Eric S. Kasischke and F. Stuart Chapin III
The boreal region extends across the Earth's land surface between around 50°N and 67°N and covers some 15 million square kilometers. The biomes found in this region include forests, wetlands, peatlands and sub-alpine/alpine tundra. Most of this region has an average annual surface temperature around 0°C, with long, cold winters (average January low temperatures <-30°C) and short, warm summers (average July high temperatures >20°C). This temperature regime has resulted in the formation of permafrost (defined as any soil that has remained below 0°C for more than two years) throughout a significant portion of the boreal region. In turn, the presence of permafrost results in poor site drainage, low tree growth rates, and decreased rates of soil decomposition, leading to the development of deep organic layers lying on top of the ground surface.
A pronounced increase in the rate of summer-time warming (between 0.3 and 0.4°C per decade) began in the early 1960s throughout the western Arctic and Alaska (Chapin et al, 2005). While rates of precipitation have also increased, the rise in available soil water has not been sufficient to offset requirements for evapotranspiration, leading to lower tree growth in some regions due to moisture stress (Barber et al, 2000). Climate warming has also contributed to increases in insect outbreaks (Werner et al, 2006) and area burned as a result oflightning-ignited wildfires throughout the North American boreal forest (Gillett et al, 2004). Most scientists and federal and state land managers recognize that the recent warming in the high northern latitudes is likely to continue for the foreseeable future.
Fire is ubiquitous throughout the boreal region, with most of the burned area resulting from ignitions from lightning strikes (Dissing and Verbyla, 2003). Fire records show that during the 1990s, three million hectares of land surface were affected annually by fires in the boreal regions of North America (Kasischke and Turetsky, 2006), while satellite data show that between 10 and 15 million hectares per year have burned in Russia (Sukhinin et al, 2004) over the past decade. Depending on regional climate, sources of ignition and forest type, fire return intervals range between 50 and 200 years in boreal forests.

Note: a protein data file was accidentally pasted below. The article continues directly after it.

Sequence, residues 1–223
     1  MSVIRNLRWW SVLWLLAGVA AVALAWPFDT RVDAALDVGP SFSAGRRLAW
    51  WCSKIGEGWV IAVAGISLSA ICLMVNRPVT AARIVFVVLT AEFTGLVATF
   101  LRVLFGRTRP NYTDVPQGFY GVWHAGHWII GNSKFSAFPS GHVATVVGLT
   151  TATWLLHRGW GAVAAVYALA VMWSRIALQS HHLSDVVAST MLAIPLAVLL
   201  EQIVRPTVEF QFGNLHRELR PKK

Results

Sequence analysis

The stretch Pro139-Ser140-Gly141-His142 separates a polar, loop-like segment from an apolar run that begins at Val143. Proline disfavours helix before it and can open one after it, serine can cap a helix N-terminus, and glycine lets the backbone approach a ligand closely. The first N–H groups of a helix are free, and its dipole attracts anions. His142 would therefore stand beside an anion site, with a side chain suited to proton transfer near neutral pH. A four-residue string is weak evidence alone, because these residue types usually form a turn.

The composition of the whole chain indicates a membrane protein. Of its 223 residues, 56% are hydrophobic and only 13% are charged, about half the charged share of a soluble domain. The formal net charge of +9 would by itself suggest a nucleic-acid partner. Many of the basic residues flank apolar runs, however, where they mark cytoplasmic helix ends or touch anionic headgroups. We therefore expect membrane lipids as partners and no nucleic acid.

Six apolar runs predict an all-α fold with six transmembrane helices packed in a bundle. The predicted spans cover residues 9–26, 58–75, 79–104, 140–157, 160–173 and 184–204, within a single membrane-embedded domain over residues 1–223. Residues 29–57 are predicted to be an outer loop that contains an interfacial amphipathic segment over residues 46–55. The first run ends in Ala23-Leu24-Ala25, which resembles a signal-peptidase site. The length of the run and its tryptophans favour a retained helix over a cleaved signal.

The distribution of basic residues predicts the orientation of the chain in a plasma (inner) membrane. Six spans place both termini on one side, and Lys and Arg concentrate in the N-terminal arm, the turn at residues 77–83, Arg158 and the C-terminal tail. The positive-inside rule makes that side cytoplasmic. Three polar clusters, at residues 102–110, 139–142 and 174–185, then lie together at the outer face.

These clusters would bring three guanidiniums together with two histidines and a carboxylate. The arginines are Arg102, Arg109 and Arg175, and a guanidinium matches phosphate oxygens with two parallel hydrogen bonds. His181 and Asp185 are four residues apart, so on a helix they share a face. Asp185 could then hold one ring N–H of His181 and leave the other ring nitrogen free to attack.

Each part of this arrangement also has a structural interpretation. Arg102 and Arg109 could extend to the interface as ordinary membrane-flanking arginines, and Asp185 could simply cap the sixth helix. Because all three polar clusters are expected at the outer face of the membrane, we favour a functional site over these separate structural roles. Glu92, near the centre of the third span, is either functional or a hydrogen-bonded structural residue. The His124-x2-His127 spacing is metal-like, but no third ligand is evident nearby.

Paleoecological studies have provided insights as to how climate change has affected vegetation cover over the 12,000 years since the most recent recession of the Pleistocene ice sheets (Lloyd et al, 2006). The mosaic of forest cover in Interior Alaska — which is dominated by black spruce (Picea mariana), but also contains significant components of white spruce (Picea glauca), quaking aspen (Populus tremuloides), balsam poplar (Populus balsimifera) and paper birch (Betula neoalaskana) — has been present for the past 6000 years. Prior to that (6000 to 10,000 before present (BP)), warmer and slightly drier conditions resulted in white spruce being the dominant tree species. From 10,000 to 12,000 BP, warm and dry conditions resulted in a landscape where black and white spruce were only minor components of the landscape — during this period, vegetation was dominated by deciduous tree stands and shrub and grass-herb dominated ecosystems.
Given the above understanding of how past variations in climate shaped the composition of boreal forests it is fairly certain that the present mosaic of vegetation cover throughout interior Alaska, as elsewhere throughout the Arctic region, will change as temperatures continue to rise during the 21st century. However, a number of factors will influence the rate and direction of change, including variations in patterns of precipitation, changes to the fire regime, the degree to which insect outbreaks occur in different forest types, the rate of soil warming of areas underlain by permafrost, and the patterns of dispersion or human introduction of vegetation species not currently resident in this region. While some of these factors can be lessened through management intervention (for example, fire suppression, control of insects and pathogens, and prevention of the introduction of invasive species), many will remain outside of human control. Slowing the rate of climate change and influencing management strategies are the key priorities of those who depend on the many ecosystem services provided by Alaska's boreal forests, particularly Native Peoples.
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